That makes me think of "All your base are belong to us."If you don't know what I'm talking about, Google it.
What's your point? The construction is perfectly grammatical. South Charleston Business Districts are a Wi-Fi Community. We are family. They are a couple. You (all) are a group. Family, couple, group and community are collective nouns. They are a type (which at times is a collective noun) that depends on context. Thus, I beg to differ.
"South Charleston Business Districts are a Wi-Fi Community."Juvenal: Did Garrison give you your English degree? If your suggestion that "South Charleston Business Districts" is a group name and use of the singular "community" is thus correct, then the verb should also be singular, and it should read "SCBD IS a wireless community." That sentence cannot be salvaged.
Moe is in error.No, it is not my suggestion that "South Charleston Business Districts" is a group or collective noun. It is my statement that "community" is a group noun. I plainly made it. Fowler's addresses the selection of the verb number under the "are, is" entry: "When one of these is required between the subject & a complement that differ in number, the verb must follow the number of the subject." In the case at hand, "South Charleston Business Districts" is the subject and "community" is the complement. The subject is in the plural and dictates "are" in the construction. "Community" happens to be a group or collective noun in its context.Moe: When you attempt to parry in English usage you had better know your stuff.
I'm no English scholar, but I know a clumsy-sounding sentence when I hear it and this sentence sounds clumsy; that alone should merit a re-write. And that there are such conflicting interpretations of its correctness just go to illustrate further that it should have been worded better."SC Business Districts offer free public Wi-Fi connectivity" would have done nicely.
Moe is correct. Juvenal needs remedial English classes.The following could be correct sentences: "South Charleston Business Districts IS a wireless COMMUNITY."This would be correct if SCBD is the name of A group and properly followed by the singular terms "is" and "community." A singular subject must BE a singular thing. You cannot say, "they is a group." Well, you can, but doing so makes you sound uneducated."South Charleston Business Districts ARE wirelss COMMUNITIES."This would be correct if the South Charleston Business Bistricts were separate entities refered to by a collective name (thus plural) and followed by the approriate plurals "are" and "communities.""South Charleston Business districts belong to (or "are a part of") A wireless community."This would be correct if the SCBDs are separate entities that belong to a single community.Even "South Charleston Business Districts ARE a wireless COMMUNITY" would not be technically correct. The SCBDs are not the group, they comprise or belong to the grooup. "To be" verbs refer to just that. you'd get away with that in casual conversation but it is not correct. ******"South Charleston Business Districts are a wireless community," however cannot be correct under any rationale whatsoever. If I wrote, "ducks is a bird" you might understand what I meant but it would be wrong. This is no different. You should be embarrassed to have made the first post. you should be ashamed to persist after it has been explained to you.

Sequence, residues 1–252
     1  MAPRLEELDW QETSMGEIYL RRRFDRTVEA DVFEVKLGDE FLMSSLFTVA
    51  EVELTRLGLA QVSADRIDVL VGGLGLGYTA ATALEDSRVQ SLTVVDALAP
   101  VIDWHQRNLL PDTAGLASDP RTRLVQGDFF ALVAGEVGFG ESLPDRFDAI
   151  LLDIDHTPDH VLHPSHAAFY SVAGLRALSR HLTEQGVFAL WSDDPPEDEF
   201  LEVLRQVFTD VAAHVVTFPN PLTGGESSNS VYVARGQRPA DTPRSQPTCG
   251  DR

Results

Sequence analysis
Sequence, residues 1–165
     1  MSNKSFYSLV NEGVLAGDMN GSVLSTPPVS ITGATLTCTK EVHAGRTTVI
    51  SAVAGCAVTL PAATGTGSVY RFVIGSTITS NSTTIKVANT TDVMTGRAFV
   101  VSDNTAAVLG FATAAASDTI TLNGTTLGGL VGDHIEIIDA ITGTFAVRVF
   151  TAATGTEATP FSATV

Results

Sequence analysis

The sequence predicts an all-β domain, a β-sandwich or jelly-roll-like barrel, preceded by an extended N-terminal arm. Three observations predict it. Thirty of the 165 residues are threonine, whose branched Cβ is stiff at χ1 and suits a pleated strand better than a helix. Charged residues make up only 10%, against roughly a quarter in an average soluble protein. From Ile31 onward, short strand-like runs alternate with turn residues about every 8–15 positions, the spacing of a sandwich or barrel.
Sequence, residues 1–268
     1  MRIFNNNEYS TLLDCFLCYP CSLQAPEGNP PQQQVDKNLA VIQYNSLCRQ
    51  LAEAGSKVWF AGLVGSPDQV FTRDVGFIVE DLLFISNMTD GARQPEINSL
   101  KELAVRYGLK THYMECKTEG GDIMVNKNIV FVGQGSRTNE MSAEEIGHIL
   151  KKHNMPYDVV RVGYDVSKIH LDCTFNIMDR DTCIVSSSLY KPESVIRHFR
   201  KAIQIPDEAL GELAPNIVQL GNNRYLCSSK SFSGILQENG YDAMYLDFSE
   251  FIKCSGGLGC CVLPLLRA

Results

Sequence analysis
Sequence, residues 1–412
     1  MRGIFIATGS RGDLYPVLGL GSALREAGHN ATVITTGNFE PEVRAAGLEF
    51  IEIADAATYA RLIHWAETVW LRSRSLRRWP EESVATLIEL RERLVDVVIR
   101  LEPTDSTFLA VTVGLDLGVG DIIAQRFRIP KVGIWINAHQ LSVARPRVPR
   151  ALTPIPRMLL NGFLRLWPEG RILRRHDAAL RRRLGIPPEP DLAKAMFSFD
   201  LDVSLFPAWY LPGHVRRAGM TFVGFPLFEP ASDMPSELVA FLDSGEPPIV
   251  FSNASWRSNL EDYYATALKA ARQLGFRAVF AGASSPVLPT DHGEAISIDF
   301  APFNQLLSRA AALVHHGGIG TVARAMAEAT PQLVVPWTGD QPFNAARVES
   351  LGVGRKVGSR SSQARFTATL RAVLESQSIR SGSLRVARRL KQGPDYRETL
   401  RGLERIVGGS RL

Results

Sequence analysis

"South Charleston Business Districts are a wireless community," however cannot be correct under any rationale whatsoever."I meant, of course, to write South Charleston Business Districts IS a wireless community," as written on the sign. The good news is the signs appear inexpensive and I'm sure will be changed at little cost now that this error has been identified
Does South Charleston have more than one business district?
To clarify, Wi-Fi is short for "Wireless Fidelity". The sentence contains poor grammar because it is redundant.
The subject of the verb is "South Charleston Business Districts" (yes, they have morethan one).Therefore, "South Charleston Business Districts are a Wireless Community" is correct.How bout this:"The ducks are in a pile.""Those people are a group."Some commenters here would reply "Them ducks is not in a pile" or Them people is not a group."
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